The average total annual precipitation for the entire island is 480mm and is determined by parameters such as the exposure to the rain-bearing south-westerlies during the winter half of the year, and, the strength of the orographic factor. Thus, total annual precipitation increases from a mean value of 400mm along the west coast to nearly 1,100mm at the top of Mount Olympus (Troodos Massif). On the leeward northern slopes of the Troodos massif precipitation amounts decline and reach the lowest value in the island, around in 290mm, in the Morphou basin (Western Mesaoria), displaying characteristics of a “rain shadow area”. Amounts on the central plain remain around 300mm for most of the area rising to 325-350mm towards the east, south-east coast. Precipitation amounts are rather higher also along the Kyrenia coast and the Karpass peninsula with amounts around 350mm to 400mm. Finally, along the long and narrow Kyrenia range the orographic effect is much less pronounced than in the Troodos massif producing a relatively small increase of precipitation near 550mm along its ridge at 1000m elevation.
Precipitation exhibits a pronounced seasonal pattern, typical of Mediterranean climates with 80-90% of amounts occurring during the winter half of the year (November-April). As a rule mountain and inland areas have a greater proportion of precipitation falling during the warmer part of the year due to the development of convectional clouds around noon in those areas. On the contrary, coastal areas, especially in the south and south-west, very rarely have any rain during the summer half of the year.
Snowfall occurs rarely on the central plain and Kyrenia range and very rarely on the coast, especially in the south-west. However, it falls almost every winter in mountain areas above 1,000m usually at any time between mid-December and early April. Snow cover is by no means continuous during the winter season even on the higher Troodos slopes, but it can lie at variable depths for several weeks on the higher northern slopes of Troodos. During drier, warmer years snow may be very patchy and amounts may be small even at the highest Troodos peaks.
Hail is reported on average two or three times a year on lowlands to seven to ten times a year on the mountains usually between the months of November and May. On the coastal areas hail is most frequent during the core winter months, December to March, while in the central plain and the mountains this phenomenon can also occur during the “shoulder” seasons of spring and autumn. Spring hail can be particularly damaging for seasonal crops like cherries and grapes.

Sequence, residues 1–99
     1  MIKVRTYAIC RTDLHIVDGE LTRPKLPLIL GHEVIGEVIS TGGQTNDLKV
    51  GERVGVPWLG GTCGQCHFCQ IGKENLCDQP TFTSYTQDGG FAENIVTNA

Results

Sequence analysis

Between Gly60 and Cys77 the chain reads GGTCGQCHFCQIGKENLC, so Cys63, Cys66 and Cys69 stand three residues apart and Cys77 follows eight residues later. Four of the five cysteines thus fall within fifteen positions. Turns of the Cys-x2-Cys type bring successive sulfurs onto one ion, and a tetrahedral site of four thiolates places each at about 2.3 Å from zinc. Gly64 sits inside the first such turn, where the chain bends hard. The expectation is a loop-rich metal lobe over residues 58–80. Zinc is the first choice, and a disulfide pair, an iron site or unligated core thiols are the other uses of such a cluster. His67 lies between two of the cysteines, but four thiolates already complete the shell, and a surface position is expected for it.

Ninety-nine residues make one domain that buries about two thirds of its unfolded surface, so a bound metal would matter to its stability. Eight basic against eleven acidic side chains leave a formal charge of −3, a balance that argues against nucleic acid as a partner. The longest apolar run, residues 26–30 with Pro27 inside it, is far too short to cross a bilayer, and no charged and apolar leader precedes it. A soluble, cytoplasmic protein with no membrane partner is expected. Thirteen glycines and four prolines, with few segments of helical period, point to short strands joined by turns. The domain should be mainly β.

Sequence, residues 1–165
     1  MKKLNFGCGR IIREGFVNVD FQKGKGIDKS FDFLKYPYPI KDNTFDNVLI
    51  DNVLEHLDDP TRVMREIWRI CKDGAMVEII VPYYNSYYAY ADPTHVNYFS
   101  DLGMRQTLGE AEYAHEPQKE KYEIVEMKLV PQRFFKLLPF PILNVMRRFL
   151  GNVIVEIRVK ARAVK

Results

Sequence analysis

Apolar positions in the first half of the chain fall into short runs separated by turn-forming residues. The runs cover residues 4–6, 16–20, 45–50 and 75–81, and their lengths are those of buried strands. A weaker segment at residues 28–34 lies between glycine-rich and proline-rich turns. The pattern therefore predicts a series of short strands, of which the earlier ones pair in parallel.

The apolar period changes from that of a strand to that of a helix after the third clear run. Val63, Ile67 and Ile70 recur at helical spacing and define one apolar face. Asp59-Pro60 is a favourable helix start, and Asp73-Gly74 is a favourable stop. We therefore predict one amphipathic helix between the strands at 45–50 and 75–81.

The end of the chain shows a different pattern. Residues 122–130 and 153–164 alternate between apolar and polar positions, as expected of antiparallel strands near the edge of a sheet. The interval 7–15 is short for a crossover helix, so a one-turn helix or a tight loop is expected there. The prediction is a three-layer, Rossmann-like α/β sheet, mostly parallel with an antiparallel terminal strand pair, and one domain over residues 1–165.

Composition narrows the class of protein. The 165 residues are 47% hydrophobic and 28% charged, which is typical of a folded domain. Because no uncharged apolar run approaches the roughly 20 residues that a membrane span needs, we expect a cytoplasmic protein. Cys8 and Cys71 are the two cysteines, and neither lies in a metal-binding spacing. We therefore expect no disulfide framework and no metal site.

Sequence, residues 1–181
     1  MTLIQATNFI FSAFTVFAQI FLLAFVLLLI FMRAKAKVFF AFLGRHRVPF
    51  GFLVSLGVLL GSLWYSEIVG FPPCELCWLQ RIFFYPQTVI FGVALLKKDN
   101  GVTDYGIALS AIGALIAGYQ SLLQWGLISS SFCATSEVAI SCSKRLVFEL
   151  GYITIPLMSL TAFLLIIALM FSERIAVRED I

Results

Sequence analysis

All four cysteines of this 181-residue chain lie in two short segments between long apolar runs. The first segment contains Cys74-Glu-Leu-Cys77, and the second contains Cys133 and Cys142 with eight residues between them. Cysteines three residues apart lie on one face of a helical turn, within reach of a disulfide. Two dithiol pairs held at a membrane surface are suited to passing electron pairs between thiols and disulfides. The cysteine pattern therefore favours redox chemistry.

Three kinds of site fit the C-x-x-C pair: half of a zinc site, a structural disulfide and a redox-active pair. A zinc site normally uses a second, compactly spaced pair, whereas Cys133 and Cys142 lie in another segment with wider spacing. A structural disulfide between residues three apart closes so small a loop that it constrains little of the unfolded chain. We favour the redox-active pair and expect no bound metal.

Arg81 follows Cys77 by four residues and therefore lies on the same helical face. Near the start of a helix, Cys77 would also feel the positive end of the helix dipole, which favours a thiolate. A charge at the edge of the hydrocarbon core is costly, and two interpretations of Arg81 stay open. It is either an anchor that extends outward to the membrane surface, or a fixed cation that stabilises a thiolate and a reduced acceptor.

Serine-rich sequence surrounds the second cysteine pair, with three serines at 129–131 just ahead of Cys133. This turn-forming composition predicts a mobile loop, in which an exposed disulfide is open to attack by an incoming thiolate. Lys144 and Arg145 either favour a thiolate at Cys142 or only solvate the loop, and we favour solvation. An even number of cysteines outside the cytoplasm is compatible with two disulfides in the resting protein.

Thunder on coasts is more frequent in thunderstorms caused by winter depressions at any time of the day. On the other hand thunder is more frequent inland and on the mountains during spring and autumn thunderstorms associated with convectional cloud development around midday.
Humidity – Relative Humidity – Visibility
Cyprus as an island surrounded by the rather warm waters of the Eastern Mediterranean displays moderate levels of humidity throughout the year.
The parameters determining humidity and by extension Relative Humidity in Cyprus is, first, distance from the coast (with humidity declining with distance from the coast), and, elevation, with relative humidity increasing with altitude due to the reduction in temperature.
Humidity could be described as average to moderately high during the winter half of the year, with Relative Humidity values being at their highest along coasts and on the mountains (70-80%) and somewhat lower during the day on the central plain (60%). Relative Humidity is rather high in all areas during quiet winter night fog and low cloud can occur.
Relative Humidity displays its lowest values on the central plain during early afternoon in high summer where values are typically low, below 30%, on occasions reaching very low values around 15%, depending on the water vapour content of the air mass. Relative Humidity usually recovers later in summer afternoons after the onset of the more moist sea breezes.
Relative Humidity, though, remains at moderate levels throughout the summer values on coasts, 50-60% during day time and 70-80% during the early morning hours. Fog and low cloud events can occur near coasts throughout the year.
Mountain areas have lower humidity than coastal areas during the summer months. Relative Humidity values are lowest during the night and increase somewhat during the day due to the anabatic winds from the coast.
Visibility during daytime is generally very good to excellent everywhere but on a few days every year, during spring and autumn the atmosphere gets rather hazy due to high levels of fine dust particles brought to Cyprus by dust-laden winds from the nearby desert areas of Arabia and North Africa.
Fog is not very frequent inland and is usually confined to the early morning hours. It may linger, though for longer periods on valley floors in winter or mountain slopes in summer.
Fog and low cloud may occur at a higher frequency at any time of the year near coasts usually in the early morning hours.